Trial set for Ypsilanti Township couple charged with pumping marijuana odor into their neighborhood
Township attorneys allege that Michael Engle and Deborah Klochubar have been processing medical marijuana in their home at 1397 Crestwood Ave., and the fumes have impacted their neighbors’ quality of life.
Klochubar's next door neighbors have complained regularly about the odor, and she and Engle have denied an odor exists and blamed the smell on skunks.
Township Attorney Dennis McLain said he is asking Washtenaw County Circuit Court Judge Archie Brown to enter a preliminary injunction preventing Klochubar and Engle from doing whatever it is that is producing the odor.
Tom Perkins | For AnnArbor.com
They are also asking the judge to order Engle and Klochubar to limit the number of plants they grow to what is allowed in residential zones under township zoning ordinance. The zoning says patients can only grow plants for themselves in residential zones and caregivers or grow operations must operate out of light residential zones.
The case was scheduled to go to trial today, and has been in the court system since December.
“We’re requesting that the court enter a preliminary injunction that prevents the residents from emanating an offensive odor,” McLain said.
Township officials have stressed that that issue doesn’t have to do with medical marijuana laws but zoning ordinances regulating what kind of odors can be emitted in the township.
The noxious fumes zoning ordinance states that the "creation of offensive odors shall be prohibited" in any zone.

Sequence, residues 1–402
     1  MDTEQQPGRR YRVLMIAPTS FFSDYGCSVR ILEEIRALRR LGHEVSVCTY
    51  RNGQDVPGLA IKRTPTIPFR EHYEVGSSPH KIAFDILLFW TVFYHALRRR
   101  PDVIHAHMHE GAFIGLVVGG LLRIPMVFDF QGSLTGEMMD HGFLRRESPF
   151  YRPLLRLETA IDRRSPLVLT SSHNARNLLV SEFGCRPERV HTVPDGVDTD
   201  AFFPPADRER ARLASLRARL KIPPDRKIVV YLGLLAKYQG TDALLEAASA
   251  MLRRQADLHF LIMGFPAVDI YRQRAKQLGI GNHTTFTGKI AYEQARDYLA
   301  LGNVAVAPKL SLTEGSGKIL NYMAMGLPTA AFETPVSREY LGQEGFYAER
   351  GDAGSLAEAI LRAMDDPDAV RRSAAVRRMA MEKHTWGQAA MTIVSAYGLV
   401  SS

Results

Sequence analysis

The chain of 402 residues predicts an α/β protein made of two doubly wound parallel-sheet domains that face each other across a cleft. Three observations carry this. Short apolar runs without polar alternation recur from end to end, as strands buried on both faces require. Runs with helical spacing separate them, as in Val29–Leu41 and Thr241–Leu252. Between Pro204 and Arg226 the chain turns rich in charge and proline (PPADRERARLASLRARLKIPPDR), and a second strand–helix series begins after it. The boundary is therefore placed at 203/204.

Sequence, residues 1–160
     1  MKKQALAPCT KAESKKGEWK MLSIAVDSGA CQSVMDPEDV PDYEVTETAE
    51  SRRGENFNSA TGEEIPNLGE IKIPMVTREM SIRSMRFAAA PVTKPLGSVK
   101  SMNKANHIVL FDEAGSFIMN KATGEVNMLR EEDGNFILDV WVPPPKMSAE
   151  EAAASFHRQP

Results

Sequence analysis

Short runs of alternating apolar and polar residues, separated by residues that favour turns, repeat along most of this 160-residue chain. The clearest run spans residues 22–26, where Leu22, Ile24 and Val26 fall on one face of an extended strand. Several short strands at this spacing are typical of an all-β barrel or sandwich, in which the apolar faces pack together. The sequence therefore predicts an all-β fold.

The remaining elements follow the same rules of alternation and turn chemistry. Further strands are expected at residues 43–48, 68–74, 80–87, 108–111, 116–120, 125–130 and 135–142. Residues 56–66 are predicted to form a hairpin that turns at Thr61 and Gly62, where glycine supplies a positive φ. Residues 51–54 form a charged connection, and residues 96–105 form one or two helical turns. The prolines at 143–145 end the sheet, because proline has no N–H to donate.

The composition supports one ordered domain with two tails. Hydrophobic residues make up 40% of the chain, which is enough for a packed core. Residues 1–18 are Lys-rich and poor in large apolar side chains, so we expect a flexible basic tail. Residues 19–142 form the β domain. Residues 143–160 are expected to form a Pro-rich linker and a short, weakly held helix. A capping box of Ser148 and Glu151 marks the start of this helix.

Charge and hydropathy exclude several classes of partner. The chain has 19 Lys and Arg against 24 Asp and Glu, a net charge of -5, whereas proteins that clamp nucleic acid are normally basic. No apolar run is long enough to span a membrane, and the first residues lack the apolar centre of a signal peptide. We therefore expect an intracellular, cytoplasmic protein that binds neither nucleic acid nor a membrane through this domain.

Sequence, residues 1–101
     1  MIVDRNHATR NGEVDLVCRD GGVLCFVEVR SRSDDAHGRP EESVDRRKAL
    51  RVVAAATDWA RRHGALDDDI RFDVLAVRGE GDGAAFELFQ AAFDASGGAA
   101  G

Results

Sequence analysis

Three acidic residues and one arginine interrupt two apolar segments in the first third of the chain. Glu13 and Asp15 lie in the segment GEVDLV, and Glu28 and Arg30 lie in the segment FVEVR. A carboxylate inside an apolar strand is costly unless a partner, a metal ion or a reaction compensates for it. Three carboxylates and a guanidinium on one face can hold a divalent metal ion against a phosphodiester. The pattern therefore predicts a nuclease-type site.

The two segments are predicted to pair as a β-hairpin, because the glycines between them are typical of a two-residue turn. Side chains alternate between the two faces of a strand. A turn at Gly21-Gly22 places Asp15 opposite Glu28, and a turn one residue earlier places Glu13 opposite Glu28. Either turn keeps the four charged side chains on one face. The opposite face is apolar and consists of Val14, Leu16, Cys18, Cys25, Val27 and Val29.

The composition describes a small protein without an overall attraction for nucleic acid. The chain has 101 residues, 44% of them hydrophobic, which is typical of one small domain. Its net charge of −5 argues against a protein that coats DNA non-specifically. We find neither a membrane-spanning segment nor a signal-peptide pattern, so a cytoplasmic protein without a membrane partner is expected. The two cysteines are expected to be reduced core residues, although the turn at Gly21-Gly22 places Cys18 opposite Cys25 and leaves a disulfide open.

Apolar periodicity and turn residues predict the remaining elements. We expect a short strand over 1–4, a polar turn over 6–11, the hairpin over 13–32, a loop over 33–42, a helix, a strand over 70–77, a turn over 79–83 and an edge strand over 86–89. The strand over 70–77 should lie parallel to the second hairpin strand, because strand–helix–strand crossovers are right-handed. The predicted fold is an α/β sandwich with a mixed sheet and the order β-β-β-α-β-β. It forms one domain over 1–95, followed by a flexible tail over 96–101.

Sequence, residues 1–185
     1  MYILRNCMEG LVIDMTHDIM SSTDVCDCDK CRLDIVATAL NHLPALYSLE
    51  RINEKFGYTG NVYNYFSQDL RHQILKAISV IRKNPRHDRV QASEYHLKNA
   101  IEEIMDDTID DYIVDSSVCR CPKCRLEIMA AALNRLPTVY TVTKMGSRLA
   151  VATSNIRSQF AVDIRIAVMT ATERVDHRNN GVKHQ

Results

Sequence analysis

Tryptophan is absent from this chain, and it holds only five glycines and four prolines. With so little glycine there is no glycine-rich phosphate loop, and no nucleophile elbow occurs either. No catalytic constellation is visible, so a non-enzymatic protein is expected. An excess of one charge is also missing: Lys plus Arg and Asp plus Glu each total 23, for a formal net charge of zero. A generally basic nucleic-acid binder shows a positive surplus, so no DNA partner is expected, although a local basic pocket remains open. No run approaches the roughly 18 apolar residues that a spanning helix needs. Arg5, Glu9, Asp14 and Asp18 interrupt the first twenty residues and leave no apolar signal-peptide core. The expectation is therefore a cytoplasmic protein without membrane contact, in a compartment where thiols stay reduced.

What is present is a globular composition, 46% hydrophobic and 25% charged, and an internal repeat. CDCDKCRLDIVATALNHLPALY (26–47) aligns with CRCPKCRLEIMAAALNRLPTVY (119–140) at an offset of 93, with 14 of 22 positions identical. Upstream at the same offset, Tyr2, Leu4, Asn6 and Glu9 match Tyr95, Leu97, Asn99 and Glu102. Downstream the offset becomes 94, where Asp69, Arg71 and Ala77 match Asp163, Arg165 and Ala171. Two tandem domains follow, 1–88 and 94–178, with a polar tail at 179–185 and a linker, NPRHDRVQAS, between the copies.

McLain said the township has a long list of witnesses to testify that they have smelled the odor.
He added that the township also believes Klochubar and Engle have more marijuana plants in their house than the number a caregiver is allowed to grow under the MMMA.
According to state law, a person with a medical marijuana patient’s card can grow up to 12 plants for their personal use. Ypsilanti Township ordinance allows residents to grow their personal plants in residential zones.
“The bottom line is we’re asking judge to uphold our medical marijuana ordinance,” McLain said.
A Washtenaw County Circuit Court judge ruled in March that the MMMA does not pre-empt local zoning laws regulating the production and distribution of the drug.
Eric Misterovich, attorney for Engle and Klochubar, argued that state medical marijuana laws pre-empt local ordinances, and the township’s zoning ordinances regarding medical marijuana are not enforceable.
The state law does not say where medical marijuana can and cannot be grown. Misterovich asked Judge Brown to dismiss the case, but Brown disagreed with Misterovich's assessment.
Matt Abel, the couple's new attorney, was not available for comment.